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Yanick-the-Mechanic is known as one of the most skilled mechanics on the XC circuit. As the main wrench for Olympic Champion Nino Schurter, he not only services the bikes of the fastest mountain biker on the planet, but that of the fastest team on the planet. As a chief mechanic of SCOTT-SRAM MTB Racing, home of Nino, Olympic Champion Jenny Rissveds, Cape Epic Champion Matthias Stirnemann and others, Yanick is in charge of no less than 55 high end SCOTT bikes. Servicing Mountain Bikes, Cross Bikes and Road Bikes at the highest level is Yanick’s daily business. Check out and learn how to make your bike a better ride with our “How To” Series.
1. GET ORGANIZED
If you fail to prepare you’re preparing to fail. Make sure you have every component and tool you need to complete your bike build. Make sure you have a clean space and clear time to do it patiently. Now fit the seat post so you can clamp the frame into the stand. Use an alloy grease or carbon assembly paste depending on the frame material. Never clamp a frame tube as it can easily be damaged by pressure in the wrong place.
2. INTERNAL CABLING
Insert all your internal cable/hose routing before adding cranks, forks etc so you have space to work. Use a foam sleeve over the cables/hoses to stop them rattling against the inside of the frame. Using a head torch can help you to look inside the frame to prevent any cable snags and potential issues. Cables should always be routed into the frame on the opposite side, i.e shifter mounted right side on the bar should enter the frame on the left side of the downtube, this makes the cable sit away from the frame at the headtube this prevents rubbing on the carbon or finish of the frame.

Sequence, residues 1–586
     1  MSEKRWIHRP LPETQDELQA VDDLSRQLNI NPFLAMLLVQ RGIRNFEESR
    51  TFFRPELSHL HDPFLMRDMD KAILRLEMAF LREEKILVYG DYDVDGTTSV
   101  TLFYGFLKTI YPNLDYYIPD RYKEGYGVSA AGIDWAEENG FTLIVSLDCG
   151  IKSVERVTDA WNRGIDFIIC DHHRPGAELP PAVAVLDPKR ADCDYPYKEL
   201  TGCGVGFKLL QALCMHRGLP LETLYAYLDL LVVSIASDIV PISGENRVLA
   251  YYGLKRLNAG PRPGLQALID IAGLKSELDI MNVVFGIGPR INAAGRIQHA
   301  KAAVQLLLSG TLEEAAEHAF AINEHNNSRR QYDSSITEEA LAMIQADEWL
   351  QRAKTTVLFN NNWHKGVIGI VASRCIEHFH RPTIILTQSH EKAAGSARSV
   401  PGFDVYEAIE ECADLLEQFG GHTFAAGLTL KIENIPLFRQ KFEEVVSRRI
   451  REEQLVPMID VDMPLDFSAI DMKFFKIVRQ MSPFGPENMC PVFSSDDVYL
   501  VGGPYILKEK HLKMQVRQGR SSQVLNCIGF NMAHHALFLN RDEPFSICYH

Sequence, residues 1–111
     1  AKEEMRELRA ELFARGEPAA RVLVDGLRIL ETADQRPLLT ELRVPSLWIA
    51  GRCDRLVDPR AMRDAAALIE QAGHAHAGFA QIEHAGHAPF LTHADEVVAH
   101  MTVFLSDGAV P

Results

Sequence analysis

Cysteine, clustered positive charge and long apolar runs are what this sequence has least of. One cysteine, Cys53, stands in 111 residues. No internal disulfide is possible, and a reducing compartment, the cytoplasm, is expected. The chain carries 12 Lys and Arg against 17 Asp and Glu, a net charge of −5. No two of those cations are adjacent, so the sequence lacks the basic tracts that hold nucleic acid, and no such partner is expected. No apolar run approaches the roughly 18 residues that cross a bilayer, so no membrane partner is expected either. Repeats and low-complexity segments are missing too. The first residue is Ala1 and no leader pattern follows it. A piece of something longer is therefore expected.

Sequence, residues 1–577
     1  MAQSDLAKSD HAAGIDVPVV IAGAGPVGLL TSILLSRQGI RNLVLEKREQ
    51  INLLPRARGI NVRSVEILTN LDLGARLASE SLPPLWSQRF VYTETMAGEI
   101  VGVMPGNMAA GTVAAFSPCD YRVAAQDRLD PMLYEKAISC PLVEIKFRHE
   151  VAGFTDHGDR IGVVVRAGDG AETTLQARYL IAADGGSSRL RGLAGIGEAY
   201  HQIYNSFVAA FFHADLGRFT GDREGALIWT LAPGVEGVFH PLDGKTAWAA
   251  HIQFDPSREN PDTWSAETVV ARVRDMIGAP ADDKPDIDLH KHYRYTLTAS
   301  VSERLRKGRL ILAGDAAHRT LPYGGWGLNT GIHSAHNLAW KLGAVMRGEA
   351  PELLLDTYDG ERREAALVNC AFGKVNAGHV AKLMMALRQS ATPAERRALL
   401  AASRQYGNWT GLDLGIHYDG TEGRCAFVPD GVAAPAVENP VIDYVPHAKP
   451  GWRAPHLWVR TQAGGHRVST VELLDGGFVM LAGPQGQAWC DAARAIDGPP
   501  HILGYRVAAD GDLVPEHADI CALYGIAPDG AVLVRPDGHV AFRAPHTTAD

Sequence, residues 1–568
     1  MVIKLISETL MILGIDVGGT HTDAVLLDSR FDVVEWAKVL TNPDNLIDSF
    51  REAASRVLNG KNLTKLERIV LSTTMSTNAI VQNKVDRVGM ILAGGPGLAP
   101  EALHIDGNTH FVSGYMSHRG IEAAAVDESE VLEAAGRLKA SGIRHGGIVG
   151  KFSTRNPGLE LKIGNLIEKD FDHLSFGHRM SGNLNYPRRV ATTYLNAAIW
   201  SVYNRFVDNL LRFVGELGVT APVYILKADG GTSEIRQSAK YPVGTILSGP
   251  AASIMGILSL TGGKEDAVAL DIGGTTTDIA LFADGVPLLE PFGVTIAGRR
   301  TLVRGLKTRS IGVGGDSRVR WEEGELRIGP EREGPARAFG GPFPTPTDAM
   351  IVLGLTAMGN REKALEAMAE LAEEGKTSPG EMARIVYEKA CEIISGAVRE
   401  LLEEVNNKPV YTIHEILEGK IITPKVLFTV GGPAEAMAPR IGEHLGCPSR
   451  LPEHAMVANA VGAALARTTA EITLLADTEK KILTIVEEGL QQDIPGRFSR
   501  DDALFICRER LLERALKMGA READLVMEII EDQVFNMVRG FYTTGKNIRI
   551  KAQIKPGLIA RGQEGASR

3. FITTING THE FORK
Apply a wipe of grease to the bearings and fit them into the frame. Insert the fork and slide the tightening wedge, top cap, spacers and stem firmly down into place to check overall stack height. Mark the steerer flush with the stem top. If you’re unsure how many spacers you will run always use the maximum you may want. You can always cut down the fork later if you need to. Disassemble the system, cut the fork carefully, grease the headset bearings then reassemble. Carefully torque up the steerer cap and stem bolts to the correct tension.
4. ASSEMBLE AND ADJUST THE COCKPIT
Add the handlebar and all cockpit equipment-brakes, shifters, TwinLoc, and dropper remote. Work out where these parts need to go, start with the grip then work out where the break levers needs to go. Remember 1 finger braking mount inboard so your hand is perfectly positioned on the grip and your index finger is comfortably placed on the break lever. Don’t tighten just yet, nip them so they don’t slide sideways, preventing any bar scratches. Take your time starting the threads on the bolts especially the ones with lock tight already applied, if it feels wrong it could well be crossing a thread so stop, remove and visually inspect before trying again.
5. WHEELS AND BIKE FIT
Assemble the wheel package by fitting tires, rotors and rear cassette. Fit the wheels to the bike. Remove from the stand. Align the stem. Adjust the handlebar and cockpit control angles to your personal preference. If you are unsure, set the levers so they are parallel to the natural angle of your forearms when sat on the bike. Once satisfied, tighten to indicated torque (default to 5nm if unmarked).